In the UK/US film culture older actresses have sometimes (quite reasonably) complained about the limited roles available to them. French female stars of a certain age have had other opportunities similar to that opened up for Fanny Ardant here. Charlotte Rampling springs to mind in more than one film. Our expectation is that these glamorous stars will remain so after 60 and Fanny Ardant certainly fits the bill. Her Caroline quickly falls for the attractive IT teacher running the ‘silver surfers’ workshop. Not quite 40, Julien offers what the BBFC warning (for a 15 film) describes as ‘strong sex’ and Caroline responds. What will happen when her husband finds out – which he surely will since Caroline is anything but discreet? How will the 30 plus daughters react?
The story is set in Dunkerque and the sometimes rainy and chilly Nord-Pas-de-Calais coastline offers an interesting backdrop to what in some ways is quite a conventional romance. The windy beaches, the rain, fairground rides and big skies all seem to offer some kind of referent to the state of the romance. They also help to provide scenarios for how the story might end. The director and co-writer (with the novelist) is Marion Vernoux, who has made similar films that I don’t think I’ve seen. She has an excellent cast with Patrick Chesnais as the husband and Laurent Lafitte as the lover. I’m not sure that the story alone would have held me without a central performance as strong as that from Ms Ardant who is completely convincing. A key moment for me was when Caroline referred to the expectation that the ‘right thing’ to do for a relatively affluent retired dentist was to offer her services to voluntary groups helping those less fortunate. “But, I want to live” she tells Julien. I’m not sure why that line made such an impression, but possibly it just made her less ‘admirable’ and perhaps more human so that I felt for her as she drank too much and became vulnerable. That dilemma about wanting to ‘give back’ something to society but also wanting to enjoy freedom and independence is something many people over 60 experience (assuming that they have enough income to make the choice realistic).
Bright Days Ahead is only showing twice at Hebden Bridge Picture House and it got a smaller audience for the first screening than is usual for Hebden. That’s a shame. This is the kind of adult romance that UK filmmakers find difficult to make (though there are as good and arguably better narratives of a similar kind on UK television).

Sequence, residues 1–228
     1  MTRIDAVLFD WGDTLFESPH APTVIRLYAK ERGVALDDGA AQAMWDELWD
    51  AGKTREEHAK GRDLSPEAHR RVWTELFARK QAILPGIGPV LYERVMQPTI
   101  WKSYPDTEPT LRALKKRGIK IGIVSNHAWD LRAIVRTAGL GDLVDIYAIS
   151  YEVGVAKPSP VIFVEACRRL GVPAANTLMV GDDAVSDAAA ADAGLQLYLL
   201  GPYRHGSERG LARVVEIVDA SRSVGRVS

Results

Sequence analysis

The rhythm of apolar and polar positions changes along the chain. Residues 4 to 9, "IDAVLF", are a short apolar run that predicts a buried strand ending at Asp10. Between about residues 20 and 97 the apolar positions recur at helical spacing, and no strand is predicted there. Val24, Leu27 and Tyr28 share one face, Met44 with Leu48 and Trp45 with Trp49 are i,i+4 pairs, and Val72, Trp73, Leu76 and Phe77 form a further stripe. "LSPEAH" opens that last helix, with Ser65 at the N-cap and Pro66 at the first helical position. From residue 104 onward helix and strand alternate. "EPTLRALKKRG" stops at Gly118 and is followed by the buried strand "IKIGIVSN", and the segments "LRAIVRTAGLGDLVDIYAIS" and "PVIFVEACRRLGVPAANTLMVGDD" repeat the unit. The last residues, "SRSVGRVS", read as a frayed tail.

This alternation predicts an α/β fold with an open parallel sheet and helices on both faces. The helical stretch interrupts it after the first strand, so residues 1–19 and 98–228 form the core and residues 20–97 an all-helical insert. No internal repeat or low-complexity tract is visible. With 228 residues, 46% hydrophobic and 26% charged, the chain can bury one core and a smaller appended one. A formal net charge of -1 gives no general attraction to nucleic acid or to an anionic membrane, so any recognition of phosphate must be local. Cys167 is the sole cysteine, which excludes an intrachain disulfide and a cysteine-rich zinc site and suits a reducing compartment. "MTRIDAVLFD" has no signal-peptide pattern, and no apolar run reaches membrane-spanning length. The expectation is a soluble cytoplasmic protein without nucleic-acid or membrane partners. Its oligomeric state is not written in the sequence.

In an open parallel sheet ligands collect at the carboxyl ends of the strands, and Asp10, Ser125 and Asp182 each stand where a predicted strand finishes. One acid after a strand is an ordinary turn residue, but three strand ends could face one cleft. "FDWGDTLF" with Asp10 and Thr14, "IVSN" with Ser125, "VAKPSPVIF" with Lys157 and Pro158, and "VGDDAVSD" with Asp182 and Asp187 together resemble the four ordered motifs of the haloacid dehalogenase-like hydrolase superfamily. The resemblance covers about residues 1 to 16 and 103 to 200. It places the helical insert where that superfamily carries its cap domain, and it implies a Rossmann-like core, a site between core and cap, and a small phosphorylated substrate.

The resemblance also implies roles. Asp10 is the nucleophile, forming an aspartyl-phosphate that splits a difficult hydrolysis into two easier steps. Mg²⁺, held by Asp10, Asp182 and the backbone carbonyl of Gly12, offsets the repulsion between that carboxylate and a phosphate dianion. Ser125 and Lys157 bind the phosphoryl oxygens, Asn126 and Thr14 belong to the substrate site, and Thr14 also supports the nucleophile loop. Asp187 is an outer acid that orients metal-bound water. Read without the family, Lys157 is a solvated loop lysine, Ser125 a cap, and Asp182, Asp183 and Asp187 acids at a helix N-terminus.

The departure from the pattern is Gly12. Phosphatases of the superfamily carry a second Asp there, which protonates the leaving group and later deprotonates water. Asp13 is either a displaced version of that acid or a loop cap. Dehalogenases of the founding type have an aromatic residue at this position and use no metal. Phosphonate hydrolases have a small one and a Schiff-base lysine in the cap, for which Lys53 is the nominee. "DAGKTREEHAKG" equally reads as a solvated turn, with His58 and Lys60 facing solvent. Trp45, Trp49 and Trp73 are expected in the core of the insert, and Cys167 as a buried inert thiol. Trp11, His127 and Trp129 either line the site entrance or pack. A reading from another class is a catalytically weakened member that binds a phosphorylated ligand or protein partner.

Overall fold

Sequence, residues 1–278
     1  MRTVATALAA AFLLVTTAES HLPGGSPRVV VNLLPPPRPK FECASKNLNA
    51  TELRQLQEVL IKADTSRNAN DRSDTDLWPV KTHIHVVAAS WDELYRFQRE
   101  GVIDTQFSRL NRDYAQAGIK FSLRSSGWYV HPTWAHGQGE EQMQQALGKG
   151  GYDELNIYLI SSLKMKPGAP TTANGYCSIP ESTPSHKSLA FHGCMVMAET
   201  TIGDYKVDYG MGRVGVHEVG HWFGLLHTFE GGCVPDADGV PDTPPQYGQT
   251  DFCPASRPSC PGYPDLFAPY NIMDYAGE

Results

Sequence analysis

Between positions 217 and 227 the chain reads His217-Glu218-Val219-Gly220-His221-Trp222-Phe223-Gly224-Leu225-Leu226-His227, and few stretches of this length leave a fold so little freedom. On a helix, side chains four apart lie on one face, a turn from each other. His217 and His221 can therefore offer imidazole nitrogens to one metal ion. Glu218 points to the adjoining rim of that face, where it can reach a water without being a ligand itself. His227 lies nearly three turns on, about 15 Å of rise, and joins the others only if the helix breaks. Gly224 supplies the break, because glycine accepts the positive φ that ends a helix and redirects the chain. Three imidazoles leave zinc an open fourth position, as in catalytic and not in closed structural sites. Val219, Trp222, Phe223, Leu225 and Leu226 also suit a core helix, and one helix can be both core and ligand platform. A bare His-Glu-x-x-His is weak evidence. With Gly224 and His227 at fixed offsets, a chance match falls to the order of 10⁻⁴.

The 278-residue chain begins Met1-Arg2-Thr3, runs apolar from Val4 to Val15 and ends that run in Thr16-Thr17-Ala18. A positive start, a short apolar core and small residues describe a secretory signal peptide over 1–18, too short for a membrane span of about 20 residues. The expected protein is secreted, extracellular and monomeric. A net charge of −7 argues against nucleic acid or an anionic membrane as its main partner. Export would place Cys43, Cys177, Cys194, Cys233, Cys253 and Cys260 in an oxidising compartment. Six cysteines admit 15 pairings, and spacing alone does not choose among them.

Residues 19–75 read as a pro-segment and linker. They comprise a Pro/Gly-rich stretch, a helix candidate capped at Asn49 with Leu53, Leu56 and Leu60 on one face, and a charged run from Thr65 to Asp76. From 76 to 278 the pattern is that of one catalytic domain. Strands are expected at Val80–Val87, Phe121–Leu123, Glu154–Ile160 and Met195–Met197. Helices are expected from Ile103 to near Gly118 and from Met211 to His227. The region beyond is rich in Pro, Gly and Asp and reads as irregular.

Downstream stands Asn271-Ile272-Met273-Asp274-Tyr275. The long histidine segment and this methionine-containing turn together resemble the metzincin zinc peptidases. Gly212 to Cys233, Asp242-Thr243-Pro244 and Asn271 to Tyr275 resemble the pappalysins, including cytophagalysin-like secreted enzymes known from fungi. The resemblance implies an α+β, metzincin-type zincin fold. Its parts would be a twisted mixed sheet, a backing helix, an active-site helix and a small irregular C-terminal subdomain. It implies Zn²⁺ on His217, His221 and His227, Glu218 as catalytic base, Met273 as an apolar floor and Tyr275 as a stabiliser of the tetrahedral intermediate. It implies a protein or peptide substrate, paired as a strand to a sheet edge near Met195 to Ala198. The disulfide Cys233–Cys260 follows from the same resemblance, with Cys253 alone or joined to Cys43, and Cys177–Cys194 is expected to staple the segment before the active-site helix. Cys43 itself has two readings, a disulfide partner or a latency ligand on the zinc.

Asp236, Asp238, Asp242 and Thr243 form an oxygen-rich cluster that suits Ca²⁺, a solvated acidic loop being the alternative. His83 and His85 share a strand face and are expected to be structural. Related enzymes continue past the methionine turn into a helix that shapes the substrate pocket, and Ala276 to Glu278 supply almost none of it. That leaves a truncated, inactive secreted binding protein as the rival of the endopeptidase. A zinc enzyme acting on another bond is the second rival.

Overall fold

Export trailer (with English subs) from Unifrance:
This is certainly the most intriguing film I have seen so far this year. It’s tempting to suggest that something is definitely happening in mainstream Hindi cinema. For the first half an hour or so of Highway I thought I was watching an independent film. Only when the A.R. Rahman songs start to come thick and fast does it begin to appear conventional. Even then, the performances by the leads Randeep Hooda and Alia Bhatt are extremely good. Bhatt in particular is beautiful and vital in a tricky role without having any of that false Bollywood glamour. Because I don’t follow Bollywood gossip, her performance was very fresh for me and I could enjoy it without the hype. I did wonder if she was related to Mahesh Bhatt (she is his daughter) and she lives up to her family name. The film appears to have had a reasonable budget (around $4.5 million) and most of that seems to have gone on the wonderful cinematography in some difficult locations. The feel of authenticity in many scenes again suggests an independent aesthetic. There is also a device whereby each half of the film starts with what appears like a home movie/video academy frame sequence which then morphs (for no reason I could determine) into a full ‘Scope framing. I’d be grateful for any reading of what this might mean.
Highway is a road movie and a romance as well as a social drama. Writer-director Imtiaz Ali first explored the narrative idea in an episode of a TV series in 1999. Two strong elements of the story appeared in Mira Nair’s Monsoon Wedding (2001). In the first of these, a bride from a wealthy Delhi family escapes from the wedding preparations, this time with the reluctant groom. Their car is parked at a petrol station when a robbery takes place and the bride is taken as a hostage. She proves to be a lively captive and when her captors learn of her background they swiftly move her out of the region. The ensuing road trip moves through Rajasthan, Punjab, Haryana, Himachal Pradesh and Kashmir. The leader of the gang, Mahabir, knows that because of Veera’s status, ransom demands are going to be met by a police (and military) response. What he doesn’t know is how Veera will behave.